*Jeri Burtchell was diagnosed with multiple sclerosis in 1999. She has spoken from a patient perspective at conferences around the country, addressing social media and the role it plays in designing clinical trials. Jeri is a MS blogger, patient activist, and freelance writer for the MS News Beat of Healthline.com. She lives in northeast Florida with her youngest son and elderly mother. When not writing or speaking, she enjoys crafting and photography.

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Parenting with MS

By Matt Cavallo

Watching my oldest son, Mason, turn and walk into Kindergarten for the first time sent a flurry of emotions through my soul. I was feeling both proud and incredibly sad knowing that my baby was now a schoolboy. The sadness came from deep inside remembering back to how hard it was for my wife to conceive due to issues I was having as a result of my Transverse Myelitis and MS.

The pride came from thinking back to a childhood friend. When I was in Kindergarten, I had a friend in my neighborhood named Conner. His mother had Multiple Sclerosis and she was confined to a wheelchair. Even now, I remember Conner’s strength and the sacrifices he made as a five year old to care for his mother.

When I was diagnosed with MS, my biggest fear was that I was not going to be able to be the dad I had always dreamt of being. Deep down, I didn’t want my child to have to care for me in the way that Conner had to care for his mom. Now, eight years after my initial diagnosis of Multiple Sclerosis, I proudly walked my Mason to his classroom, hand in hand.

As he let go of my hand and I watched him walk into a new chapter of life, I knew that his understanding of the world was going to grow each and every day. With his new understanding of the world, comes a new fear. How do I explain to him that his daddy is different from the other dads? How do I tell him that I have a neurodegenerative disease and that the big, strong guy he knows might not be that way forever?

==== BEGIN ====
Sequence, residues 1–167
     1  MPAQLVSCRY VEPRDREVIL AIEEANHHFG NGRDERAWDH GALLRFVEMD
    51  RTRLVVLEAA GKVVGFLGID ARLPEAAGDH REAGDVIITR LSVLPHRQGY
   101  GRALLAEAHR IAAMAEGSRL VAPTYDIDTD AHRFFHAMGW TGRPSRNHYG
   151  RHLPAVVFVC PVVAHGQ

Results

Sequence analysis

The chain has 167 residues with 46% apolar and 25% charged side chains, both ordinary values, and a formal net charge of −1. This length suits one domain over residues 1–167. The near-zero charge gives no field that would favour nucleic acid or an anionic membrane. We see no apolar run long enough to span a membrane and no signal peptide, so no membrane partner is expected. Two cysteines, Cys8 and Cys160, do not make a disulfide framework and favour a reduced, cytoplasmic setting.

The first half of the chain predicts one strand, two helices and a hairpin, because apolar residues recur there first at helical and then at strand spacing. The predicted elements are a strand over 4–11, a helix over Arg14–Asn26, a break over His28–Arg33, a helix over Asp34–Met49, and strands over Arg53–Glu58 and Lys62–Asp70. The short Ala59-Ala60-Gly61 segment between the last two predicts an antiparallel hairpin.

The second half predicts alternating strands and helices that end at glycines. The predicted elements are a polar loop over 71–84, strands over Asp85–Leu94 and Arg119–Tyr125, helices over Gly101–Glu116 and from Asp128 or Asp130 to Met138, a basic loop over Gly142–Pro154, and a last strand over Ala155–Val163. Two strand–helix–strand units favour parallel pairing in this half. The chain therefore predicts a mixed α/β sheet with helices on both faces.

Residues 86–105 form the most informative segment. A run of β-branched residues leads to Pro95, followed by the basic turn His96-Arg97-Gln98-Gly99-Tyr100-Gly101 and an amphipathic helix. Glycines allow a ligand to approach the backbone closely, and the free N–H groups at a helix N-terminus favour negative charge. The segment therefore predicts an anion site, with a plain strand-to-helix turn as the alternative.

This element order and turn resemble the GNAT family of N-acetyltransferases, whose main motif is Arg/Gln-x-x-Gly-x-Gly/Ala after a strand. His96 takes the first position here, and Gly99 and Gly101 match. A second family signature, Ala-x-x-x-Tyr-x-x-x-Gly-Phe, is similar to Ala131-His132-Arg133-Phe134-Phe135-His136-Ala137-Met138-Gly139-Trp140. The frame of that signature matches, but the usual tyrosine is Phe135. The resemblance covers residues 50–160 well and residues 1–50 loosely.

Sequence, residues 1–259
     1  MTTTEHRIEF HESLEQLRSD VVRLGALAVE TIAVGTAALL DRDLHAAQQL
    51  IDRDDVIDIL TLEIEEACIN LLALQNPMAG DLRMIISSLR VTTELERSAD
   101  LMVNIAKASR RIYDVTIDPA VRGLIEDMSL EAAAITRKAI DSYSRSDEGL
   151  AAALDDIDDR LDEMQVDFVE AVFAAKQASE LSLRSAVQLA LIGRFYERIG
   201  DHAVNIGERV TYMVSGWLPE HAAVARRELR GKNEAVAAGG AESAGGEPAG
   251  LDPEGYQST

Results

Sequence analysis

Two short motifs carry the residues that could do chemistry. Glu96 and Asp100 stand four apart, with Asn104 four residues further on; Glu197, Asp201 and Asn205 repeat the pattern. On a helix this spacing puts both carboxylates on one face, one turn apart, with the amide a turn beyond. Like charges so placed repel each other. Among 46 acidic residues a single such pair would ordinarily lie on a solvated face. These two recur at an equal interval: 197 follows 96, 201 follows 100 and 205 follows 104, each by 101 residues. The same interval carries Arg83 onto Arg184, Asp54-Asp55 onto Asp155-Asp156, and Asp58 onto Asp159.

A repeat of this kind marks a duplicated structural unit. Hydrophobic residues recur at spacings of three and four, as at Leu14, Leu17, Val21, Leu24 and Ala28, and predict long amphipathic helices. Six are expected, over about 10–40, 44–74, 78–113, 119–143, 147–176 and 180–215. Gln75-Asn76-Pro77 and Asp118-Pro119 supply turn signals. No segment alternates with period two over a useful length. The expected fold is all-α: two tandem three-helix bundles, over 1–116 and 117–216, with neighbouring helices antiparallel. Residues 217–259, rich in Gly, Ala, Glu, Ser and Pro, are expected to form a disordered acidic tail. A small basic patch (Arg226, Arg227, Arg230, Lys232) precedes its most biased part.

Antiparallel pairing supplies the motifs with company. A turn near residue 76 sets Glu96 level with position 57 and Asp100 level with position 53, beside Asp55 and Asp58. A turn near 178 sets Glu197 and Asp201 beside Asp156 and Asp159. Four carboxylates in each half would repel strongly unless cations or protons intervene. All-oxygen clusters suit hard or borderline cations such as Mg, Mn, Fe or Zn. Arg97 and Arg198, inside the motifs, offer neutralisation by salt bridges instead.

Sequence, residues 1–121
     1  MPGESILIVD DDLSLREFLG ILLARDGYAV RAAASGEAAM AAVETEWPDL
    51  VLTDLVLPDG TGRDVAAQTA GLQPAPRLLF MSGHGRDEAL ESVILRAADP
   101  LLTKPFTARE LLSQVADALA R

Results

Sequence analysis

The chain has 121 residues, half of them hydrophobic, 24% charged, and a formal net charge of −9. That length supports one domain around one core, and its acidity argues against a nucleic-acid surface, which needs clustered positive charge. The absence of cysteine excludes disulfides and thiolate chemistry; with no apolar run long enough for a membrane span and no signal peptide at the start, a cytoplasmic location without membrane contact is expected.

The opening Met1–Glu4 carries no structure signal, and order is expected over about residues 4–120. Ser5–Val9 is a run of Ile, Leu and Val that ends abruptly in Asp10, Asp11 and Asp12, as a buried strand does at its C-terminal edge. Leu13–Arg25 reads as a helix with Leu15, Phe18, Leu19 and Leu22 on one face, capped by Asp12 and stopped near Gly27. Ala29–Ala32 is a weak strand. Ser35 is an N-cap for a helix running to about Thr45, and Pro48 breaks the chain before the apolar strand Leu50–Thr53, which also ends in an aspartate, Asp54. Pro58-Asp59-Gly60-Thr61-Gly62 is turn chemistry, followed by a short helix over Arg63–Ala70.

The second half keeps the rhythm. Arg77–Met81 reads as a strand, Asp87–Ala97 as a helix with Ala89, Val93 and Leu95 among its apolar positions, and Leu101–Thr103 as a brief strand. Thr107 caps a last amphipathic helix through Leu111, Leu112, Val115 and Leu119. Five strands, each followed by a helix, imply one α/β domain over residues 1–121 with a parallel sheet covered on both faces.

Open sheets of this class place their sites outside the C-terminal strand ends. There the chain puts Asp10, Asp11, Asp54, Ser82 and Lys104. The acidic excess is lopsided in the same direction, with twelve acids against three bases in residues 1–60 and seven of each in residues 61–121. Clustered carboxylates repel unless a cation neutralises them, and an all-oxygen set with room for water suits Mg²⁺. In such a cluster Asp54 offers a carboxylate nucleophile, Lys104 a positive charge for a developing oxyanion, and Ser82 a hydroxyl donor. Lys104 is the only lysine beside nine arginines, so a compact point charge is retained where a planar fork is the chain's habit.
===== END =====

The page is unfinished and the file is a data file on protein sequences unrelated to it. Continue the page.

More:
As a young dad with a chronic disease, I have been looking for a way to talk to my boys in words they can understand. Especially for Mason who now has more questions than ever before. One of this resources that I have found in my search is, Daddy’s Story: An Introduction for Younger Children to Learn about a Parent’s MS. This is an illustration book for younger children that helps explain MS in words they can understand (don’t Matt and sonworry, moms – there is a Mommy’s Story too). With this resource, I am able to have a conversation with my boys and answer the questions that they have about my condition.

Knowing that there are resources to help me talk to my kids about my MS in a way that they can understand has helped to mitigate my fears and focus on the pride I have in raising two people who are loving and caring individuals.

*Matt Cavallo was diagnosed with multiple sclerosis in 2005. Matt is an MS blogger, author, patient advocate, and motivational speaker. Matt also has his Master’s degree in Public Health Administration. Matt is the proud father of his two sons, loving husband to his wife, Jocelyn, and best friend to his dog, Teddy. Originally from the Boston suburbs, Matt currently resides in Arizona with his family. To learn more about Matt, please visit him at : http://mattcavallo.com/blog/